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New England Governors/ Eastern Canadian Premiers Mercury Action Plan. MERCURY MANAGEMENT & RETIREMENT RECOMMENDATIONS. C. Mark Smith PhD MS Deputy Director, Office of Research and Standards, MADEP Co-Chair, NEG-ECP Mercury Task Force C.Mark.Smith@State.ma.us. Mercury Initiatives.

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new england governors eastern canadian premiers mercury action plan

New England Governors/ Eastern Canadian Premiers Mercury Action Plan

MERCURY MANAGEMENT

& RETIREMENT

RECOMMENDATIONS

C. Mark Smith PhD MS

Deputy Director, Office of Research

and Standards, MADEP

Co-Chair, NEG-ECP Mercury Task

Force

C.Mark.Smith@State.ma.us

slide2

Mercury Initiatives

United Nations Global Mercury Assessment

Global

Commission for Environmental Cooperation North American Regional Mercury Action Plan

Continental

National

EPA Mercury Action Plan

New England Governors /Eastern Canadian Premiers Regional Mercury Action Plan

Regional

Massachusetts

EOEA Zero Mercury Strategy

State

Cities and Towns Mercury bans; collection events

Local

neg ecp regional mercury action plan
NEG/ECP Regional Mercury Action Plan
  • Adopted in June 1998 by all New England Governors and Eastern Canadian Premiers
  • Goals
    • By 2003: 50% or greater reduction in NE emissions
    • By 2010: 75% reduction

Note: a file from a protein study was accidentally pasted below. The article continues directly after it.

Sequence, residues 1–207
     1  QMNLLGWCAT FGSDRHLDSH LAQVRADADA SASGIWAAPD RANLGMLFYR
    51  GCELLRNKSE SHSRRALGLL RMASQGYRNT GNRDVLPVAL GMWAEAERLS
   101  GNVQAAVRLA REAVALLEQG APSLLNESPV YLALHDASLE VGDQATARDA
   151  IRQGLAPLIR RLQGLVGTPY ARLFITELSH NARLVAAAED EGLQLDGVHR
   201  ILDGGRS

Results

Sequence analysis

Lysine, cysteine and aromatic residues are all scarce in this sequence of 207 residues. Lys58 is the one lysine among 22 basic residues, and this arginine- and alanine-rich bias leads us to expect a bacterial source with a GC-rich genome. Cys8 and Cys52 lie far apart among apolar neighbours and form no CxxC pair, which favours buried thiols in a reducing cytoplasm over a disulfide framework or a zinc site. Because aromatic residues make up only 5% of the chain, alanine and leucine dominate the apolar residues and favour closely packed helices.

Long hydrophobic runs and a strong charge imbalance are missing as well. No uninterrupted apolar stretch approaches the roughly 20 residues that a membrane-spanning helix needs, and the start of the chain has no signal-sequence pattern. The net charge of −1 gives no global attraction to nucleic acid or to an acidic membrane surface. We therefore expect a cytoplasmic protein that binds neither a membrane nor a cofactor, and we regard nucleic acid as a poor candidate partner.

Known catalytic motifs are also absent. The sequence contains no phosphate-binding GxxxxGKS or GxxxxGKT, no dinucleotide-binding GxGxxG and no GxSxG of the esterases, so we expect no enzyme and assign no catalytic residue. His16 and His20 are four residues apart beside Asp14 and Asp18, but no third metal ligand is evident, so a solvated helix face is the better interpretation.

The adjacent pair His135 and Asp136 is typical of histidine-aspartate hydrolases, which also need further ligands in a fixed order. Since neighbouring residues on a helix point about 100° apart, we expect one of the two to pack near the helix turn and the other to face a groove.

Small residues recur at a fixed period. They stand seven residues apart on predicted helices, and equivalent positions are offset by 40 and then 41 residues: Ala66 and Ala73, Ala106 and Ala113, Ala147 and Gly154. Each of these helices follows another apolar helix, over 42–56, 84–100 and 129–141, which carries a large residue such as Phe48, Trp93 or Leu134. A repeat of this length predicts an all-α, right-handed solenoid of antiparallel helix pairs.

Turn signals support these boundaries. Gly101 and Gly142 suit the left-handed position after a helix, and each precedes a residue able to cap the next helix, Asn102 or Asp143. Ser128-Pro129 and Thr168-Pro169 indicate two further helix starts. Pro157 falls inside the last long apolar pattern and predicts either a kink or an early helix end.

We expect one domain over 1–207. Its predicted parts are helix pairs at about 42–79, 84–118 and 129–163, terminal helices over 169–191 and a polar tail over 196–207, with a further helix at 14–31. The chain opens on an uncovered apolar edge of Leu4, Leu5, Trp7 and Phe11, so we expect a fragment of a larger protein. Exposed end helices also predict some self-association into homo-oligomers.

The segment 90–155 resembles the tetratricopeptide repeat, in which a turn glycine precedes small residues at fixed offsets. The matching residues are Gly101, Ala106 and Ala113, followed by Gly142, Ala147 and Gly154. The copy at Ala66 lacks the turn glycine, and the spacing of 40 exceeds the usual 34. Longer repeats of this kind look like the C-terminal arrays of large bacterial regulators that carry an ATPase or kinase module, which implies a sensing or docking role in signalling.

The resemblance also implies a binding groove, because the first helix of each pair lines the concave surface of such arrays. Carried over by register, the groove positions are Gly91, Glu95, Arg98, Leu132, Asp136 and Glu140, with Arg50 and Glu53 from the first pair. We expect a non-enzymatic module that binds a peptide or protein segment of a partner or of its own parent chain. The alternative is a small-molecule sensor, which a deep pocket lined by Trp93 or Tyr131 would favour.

• Long-term: virtual elimination
ma zero mercury strategy
MA Zero Mercury Strategy
  • Strategy developed by EOEA
    • Multiagency: DEP/DPH/MWRA/CZM
  • Consistent with regional efforts
  • Additional goal: eliminate unnecessary use
integrated comprehensive approaches
Integrated, Comprehensive Approaches
  • Multimedia: air, water, land
  • Integrates pollution control and pollution prevention
  • Regional, multi-agency cooperation
  • Model for other national/international efforts
slide6

POLICY DRIVERS

1. Policy Driver #1: Toxicity

  • Children Most At Risk
  • Neurological Endpoints
slide9

Massachusetts Situation

1. Statewide fish consumption advisory….native freshwater fish; several saltwater species

2. Fish from over 100 waterbodies have mercury levels high enough to pose a risk to the general population

3. Waterbodies across the state are impacted

-over 40% of those tested

policy driver 5 controllable local and distant sources

Policy Driver # 5: Controllable Local and Distant Sources

In region sources: 60%

Out-of-region: 40%

elements of the action plan
Elements of the Action Plan
  • Six Action Categories/45 Specific Elements
    • Regional Task Force
    • Emission Reductions
    • Source Reduction/ Waste Management
    • Outreach and Education
    • Monitoring and Research
    • Mercury Stockpile Management
action category 1 regional mercury task force
Action Category 1: Regional Mercury Task Force

Established in Sept. 1998 to:

  • Prioritize / coordinate implementation
  • Track and report on progress
    • Biannual updates to Commissioners; annual updates to Governors and Premiers
  • Forum to share information
  • Leverage resources
  • Establish linkages
  • National/international advocacy
the team
The Team